Such interactions not only undermined classist stereotypes of people who are unhoused as lacking intelligence and competence, they also provided much needed opportunities for positive interclass contact. Shared super-ordinate goals, such as the type of teamwork done at the farm, and equalized status (even if temporarily), are important conditions to improving inter-group relations (Pettigrew, Tropp, Wagner, & Christ, 2011). …the farm served as a potential site for improving anti-homeless attitudes among individuals who are more privileged and housed. For our respondents, these interactions provided a “break” from classist devaluation and a “safe” context in which to interact with people who are housed.

A strong sense of responsibility for each other and shared safety was also essential to making the farm a “safe space.” With hate crimes and other forms of violence against people who are homeless on the rise nationally and strict local ordinances against camping and public sleeping (Bancroft, 2012; NCH, 2014; NLCHP, 2011), respondents were keenly aware of the need to keep each other and the farm “safe.”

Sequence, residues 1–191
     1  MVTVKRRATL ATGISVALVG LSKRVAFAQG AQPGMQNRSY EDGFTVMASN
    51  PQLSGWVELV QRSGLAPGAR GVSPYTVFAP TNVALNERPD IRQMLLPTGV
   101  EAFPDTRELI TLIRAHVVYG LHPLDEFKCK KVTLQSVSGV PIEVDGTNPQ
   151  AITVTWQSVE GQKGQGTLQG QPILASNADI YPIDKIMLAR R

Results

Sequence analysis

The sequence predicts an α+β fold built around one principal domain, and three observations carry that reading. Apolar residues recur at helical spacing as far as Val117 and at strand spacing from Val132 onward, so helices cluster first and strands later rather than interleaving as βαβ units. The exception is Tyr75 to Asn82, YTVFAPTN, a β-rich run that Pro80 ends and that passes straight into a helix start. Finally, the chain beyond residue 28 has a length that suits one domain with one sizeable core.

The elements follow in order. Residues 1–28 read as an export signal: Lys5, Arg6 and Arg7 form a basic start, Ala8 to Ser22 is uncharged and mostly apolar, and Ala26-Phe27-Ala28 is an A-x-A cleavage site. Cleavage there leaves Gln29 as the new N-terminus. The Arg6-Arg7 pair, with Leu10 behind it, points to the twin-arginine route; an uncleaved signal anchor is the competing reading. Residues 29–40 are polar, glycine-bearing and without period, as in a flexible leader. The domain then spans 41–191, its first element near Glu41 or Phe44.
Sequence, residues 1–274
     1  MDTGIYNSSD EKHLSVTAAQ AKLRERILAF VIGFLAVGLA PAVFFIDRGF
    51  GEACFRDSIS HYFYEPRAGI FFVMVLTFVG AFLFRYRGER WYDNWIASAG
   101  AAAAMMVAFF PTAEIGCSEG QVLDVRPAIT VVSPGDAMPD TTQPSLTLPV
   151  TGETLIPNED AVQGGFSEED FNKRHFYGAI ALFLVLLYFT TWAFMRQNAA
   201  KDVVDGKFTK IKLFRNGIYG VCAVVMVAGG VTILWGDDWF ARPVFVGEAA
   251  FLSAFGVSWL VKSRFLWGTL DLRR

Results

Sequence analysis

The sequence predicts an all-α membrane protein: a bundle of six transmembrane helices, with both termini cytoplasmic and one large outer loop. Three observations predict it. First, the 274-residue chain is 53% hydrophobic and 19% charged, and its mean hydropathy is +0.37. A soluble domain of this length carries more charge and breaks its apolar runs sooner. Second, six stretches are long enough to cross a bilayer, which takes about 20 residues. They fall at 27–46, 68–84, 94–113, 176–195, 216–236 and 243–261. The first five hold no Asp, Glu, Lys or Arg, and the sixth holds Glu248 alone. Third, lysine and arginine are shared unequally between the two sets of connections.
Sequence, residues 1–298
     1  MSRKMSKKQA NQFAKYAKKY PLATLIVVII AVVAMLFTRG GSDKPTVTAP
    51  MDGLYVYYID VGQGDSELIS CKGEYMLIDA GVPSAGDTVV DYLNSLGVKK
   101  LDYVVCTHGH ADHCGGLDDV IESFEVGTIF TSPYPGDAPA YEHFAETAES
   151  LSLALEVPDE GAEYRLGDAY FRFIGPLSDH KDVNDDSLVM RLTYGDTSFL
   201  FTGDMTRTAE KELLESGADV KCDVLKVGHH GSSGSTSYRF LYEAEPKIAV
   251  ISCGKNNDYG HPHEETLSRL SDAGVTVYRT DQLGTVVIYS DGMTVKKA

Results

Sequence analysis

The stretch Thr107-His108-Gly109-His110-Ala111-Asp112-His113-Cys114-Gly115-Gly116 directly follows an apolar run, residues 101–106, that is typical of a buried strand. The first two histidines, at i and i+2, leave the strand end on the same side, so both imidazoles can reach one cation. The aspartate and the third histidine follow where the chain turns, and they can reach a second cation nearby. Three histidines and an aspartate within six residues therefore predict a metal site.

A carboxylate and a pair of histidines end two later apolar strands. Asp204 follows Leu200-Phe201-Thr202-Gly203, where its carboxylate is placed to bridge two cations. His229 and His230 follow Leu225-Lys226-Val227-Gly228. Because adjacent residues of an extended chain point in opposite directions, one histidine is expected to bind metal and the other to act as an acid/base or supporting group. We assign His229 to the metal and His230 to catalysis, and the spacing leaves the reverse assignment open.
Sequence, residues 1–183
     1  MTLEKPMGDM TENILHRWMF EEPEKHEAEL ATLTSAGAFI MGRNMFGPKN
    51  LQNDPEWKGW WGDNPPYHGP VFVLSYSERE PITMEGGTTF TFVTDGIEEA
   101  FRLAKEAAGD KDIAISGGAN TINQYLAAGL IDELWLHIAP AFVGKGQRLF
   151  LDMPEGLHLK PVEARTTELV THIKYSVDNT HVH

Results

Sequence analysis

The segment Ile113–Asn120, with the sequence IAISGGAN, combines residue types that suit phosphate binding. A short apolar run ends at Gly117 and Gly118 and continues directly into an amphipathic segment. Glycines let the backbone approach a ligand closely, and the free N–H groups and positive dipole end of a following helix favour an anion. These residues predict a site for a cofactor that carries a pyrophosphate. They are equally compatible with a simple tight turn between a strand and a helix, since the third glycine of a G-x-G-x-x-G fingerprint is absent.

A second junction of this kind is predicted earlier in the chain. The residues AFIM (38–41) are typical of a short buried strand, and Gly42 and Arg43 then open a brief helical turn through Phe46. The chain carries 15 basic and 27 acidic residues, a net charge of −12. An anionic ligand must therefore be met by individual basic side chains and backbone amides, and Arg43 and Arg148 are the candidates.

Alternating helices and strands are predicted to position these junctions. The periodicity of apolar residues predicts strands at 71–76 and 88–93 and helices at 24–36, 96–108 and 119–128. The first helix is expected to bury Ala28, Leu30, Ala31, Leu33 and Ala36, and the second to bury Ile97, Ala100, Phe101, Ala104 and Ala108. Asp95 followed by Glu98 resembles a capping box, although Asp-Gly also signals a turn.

–Heather Bullock and Shirley Truong; © 2016 Taylor & Francis, Journal of Poverty

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Catalyst for Change

April (on right) with dinner guests, Meredith and Vivian

Hello and welcome to our farm and garden. My name is April Wilson and I am blessed and honored to be here. I am a trainee here at Homeless Garden Project. I’ll begin with a testimony about myself and what gravitated me to this ever-giving garden.

I’m a local—born and raised here. I’m 35 years old and single. I was born into a very physically abusive family, with abuse of me as well as between my parents, who were addicted to drugs and alcohol. Despite the differences my parents had with each other, I know my parents loved me, they just didn’t know how ….